b -Adrenoceptor Subtypes
The b -adrenoceptors were initially divided into b1 and b2-adrenoceptors defined in terms of agonist potencies, b1-adrenoceptors demonstrated equal affinity for adrenaline and nor- adrenaline while b2-adrenoceptors displayed a higher selectivity for nor-adrenaline than for adrenaline. The discovery of these receptor subtypes led to the development of selective agonists and antagonists for each subtype.
The story does not end there, further experimentation using b-antagonists exposed another receptor subtype which appeared to be insensitive to typical b-adrenoceptor antagonists this was classified as b3-adrenoceptor. More recent pharmacological evidence is now emerging in support of a further receptor subtype b4-adrenoceptor, although as yet there are no selective compounds for this particular subtype.
b-Adrenoceptor Location and Function
b1-receptors are largely postsynaptic and are located mainly in the heart but are also found in platelets, the salivary glands and the non-sphincter part of the gastrointestinal tract (GIT). They can however be found presynaptically. Activation causes an increase in the rate and contractile force of the heart, relaxation of the non-sphincter part of the GIT, aggregation of platelets and amylase secretion from the salivary glands. Presynaptically, their activation causes an increase in noradrenaline release.
b2-receptors are also mainly postsynaptic and are located on a number of tissues including blood vessels, bronchi, GIT, skeletal muscle, liver and mast cell. Activation results in vasodilatation, bronchodilation, relaxation of the GIT, glycogenolysis in the liver, tremor in skeletal muscle and inhibition of histamine release from mast cells.
b3-receptors are expressed predominately in adipose tissue activation is proposed to be involved with noradrenaline induced changes in energy metabolism via lipolysis and thermogenesis.
b4-receptors are localised in cardiac tissue with activation causing an increase in heart rate and force.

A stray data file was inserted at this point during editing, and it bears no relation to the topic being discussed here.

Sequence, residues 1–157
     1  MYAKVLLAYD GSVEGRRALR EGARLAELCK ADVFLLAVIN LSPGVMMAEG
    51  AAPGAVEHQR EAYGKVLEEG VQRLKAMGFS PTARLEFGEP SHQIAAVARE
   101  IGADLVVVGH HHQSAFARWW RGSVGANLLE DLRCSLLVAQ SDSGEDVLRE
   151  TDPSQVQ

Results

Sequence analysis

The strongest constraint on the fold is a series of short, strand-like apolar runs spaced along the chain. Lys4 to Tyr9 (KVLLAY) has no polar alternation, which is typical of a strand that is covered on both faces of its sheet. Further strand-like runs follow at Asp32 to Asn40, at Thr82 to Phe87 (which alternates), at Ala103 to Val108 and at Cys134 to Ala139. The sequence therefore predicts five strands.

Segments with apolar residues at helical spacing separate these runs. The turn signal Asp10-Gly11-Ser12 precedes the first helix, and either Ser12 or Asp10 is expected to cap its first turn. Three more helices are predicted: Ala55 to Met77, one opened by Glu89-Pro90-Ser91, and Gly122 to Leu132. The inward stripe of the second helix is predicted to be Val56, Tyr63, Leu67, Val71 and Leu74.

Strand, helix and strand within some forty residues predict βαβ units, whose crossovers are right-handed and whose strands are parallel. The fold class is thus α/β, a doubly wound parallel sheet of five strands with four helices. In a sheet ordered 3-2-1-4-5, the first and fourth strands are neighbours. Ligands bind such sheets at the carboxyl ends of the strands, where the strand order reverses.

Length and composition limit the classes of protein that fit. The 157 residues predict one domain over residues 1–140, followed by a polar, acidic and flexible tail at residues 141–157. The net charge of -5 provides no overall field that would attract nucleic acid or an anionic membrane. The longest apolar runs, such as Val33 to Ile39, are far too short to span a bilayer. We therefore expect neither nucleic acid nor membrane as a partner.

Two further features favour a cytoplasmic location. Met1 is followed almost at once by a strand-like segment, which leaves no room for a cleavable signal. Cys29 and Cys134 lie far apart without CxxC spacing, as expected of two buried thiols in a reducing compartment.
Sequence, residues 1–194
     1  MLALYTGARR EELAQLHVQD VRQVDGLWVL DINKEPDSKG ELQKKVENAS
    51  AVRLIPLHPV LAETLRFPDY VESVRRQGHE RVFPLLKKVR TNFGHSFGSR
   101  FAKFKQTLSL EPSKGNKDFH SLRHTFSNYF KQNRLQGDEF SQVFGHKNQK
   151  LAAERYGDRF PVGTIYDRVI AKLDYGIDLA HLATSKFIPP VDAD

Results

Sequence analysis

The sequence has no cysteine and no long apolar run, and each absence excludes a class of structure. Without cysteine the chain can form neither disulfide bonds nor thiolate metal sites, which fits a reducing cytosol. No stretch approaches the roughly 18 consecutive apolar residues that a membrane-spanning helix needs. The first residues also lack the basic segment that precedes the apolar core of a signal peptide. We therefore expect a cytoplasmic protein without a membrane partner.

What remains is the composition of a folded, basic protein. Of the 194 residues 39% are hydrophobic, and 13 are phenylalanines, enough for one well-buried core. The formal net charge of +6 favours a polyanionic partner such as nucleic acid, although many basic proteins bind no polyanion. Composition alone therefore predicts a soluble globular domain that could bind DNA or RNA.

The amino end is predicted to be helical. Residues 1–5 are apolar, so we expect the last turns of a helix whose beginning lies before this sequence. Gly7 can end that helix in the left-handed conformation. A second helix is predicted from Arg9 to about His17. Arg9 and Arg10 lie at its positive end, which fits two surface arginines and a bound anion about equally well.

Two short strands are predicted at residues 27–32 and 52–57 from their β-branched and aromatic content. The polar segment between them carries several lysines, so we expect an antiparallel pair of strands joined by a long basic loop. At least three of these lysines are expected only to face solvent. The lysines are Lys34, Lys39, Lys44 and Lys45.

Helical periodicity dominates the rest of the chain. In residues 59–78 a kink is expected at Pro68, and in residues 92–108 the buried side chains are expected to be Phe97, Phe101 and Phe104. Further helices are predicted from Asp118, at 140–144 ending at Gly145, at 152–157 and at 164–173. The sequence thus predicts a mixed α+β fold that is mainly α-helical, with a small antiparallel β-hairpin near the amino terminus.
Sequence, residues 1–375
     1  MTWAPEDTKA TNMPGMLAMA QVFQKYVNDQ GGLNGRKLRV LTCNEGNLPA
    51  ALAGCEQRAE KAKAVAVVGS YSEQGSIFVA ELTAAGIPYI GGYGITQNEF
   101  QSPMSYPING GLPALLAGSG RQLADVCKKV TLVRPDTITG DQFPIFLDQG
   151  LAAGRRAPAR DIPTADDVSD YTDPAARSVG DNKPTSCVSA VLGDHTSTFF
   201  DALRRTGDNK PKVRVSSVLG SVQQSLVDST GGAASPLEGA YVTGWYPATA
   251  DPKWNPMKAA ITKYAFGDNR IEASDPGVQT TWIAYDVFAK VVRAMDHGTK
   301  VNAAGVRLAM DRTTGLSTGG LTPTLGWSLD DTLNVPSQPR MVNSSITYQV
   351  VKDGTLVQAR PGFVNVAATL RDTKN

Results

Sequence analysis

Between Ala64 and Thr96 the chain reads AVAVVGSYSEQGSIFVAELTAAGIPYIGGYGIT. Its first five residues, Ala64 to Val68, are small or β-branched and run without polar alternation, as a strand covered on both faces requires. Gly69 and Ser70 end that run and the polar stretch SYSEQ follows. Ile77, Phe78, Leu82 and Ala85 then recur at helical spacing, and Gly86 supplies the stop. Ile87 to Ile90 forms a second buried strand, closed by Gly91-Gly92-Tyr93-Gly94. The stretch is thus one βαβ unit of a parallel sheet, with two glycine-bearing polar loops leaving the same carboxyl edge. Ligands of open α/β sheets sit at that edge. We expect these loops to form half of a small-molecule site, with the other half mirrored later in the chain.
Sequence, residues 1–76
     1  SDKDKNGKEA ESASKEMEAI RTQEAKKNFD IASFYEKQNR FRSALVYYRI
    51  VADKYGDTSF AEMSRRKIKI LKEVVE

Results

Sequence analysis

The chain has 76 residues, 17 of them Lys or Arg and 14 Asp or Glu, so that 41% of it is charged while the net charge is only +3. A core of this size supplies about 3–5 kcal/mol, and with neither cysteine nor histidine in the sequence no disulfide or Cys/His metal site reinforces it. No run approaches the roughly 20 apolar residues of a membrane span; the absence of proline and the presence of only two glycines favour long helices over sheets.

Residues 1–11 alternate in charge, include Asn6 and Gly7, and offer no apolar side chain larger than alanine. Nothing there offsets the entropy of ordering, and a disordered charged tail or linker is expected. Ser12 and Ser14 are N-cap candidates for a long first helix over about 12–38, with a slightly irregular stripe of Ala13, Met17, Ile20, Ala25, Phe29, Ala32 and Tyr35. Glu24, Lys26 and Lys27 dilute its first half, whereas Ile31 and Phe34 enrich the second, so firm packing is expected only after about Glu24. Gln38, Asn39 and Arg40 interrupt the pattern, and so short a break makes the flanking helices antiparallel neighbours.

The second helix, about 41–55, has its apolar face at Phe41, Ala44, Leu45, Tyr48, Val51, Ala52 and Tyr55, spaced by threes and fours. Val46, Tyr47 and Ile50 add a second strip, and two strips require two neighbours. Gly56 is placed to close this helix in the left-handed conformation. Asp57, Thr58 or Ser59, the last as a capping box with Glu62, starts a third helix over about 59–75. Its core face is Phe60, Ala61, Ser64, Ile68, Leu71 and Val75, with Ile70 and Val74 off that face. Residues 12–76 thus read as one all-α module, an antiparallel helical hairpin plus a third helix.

For all b-adrenoceptors transduction is via G-proteins coupled to the intracellular second messenger adenylate cyclase. All b-receptors are positively coupled to adenylate cyclase via activation of Gs G-protein, however activation of the b2 and b3-adrenoceptors results in stimulation or stimulation and inhibition of adenylate cyclase. Activation of the b1 and b4 receptor results in an increase in the formation of cAMP and the subsequent stimulation of cAMP-dependent protein kinase.
Adrenergic drugs are used in the treatment of a wide range of medical conditions. Including the use of b2-receptor selective agonists in the treatment of asthma and other related bronchospastic conditions examples of these drugs include salbutamol and salmeterol. Beta-blocker drugs are commonly used in the treatment of angina pectoris, cardiac arrhythmia and for the long-term treatment of patients who survive myocardial infarction. b-receptor antagonists have also been used as anti-hypertensive for a number of years. Beta -blockers have also proven useful in the treatment of conditions such as migraine, anxiety disorders, hyperthyroidism, alcohol withdrawal and when applied topically are useful in the treatment of glaucoma and ocular hypertension.
Characteristics of b-adrenoceptors
|Selective Agonist||Dobutamine xamoterol||Salbutamol salmeterol||BRL 37344||none|
|Selective Antagonists||Atenolol metoprolol||Butoxamine||SR59230A||Bupranolol|
|Agonist Potency Order||ISO>A=NA||ISO>A>>NA||ISO=NA>A|
|Second Messengers and Effectors||Inc cAMP via Gs||Inc cAMP via Gs||Inc cAMP via Gs||Inc cAMP via Gs|
|Physiological Effect||Inc heart rate and force||Vasodilatation and broncho-dilation||Lipolysis and thermogenesis||Inc heart rate and force|
Link to IUPHAR nomenclature: Beta table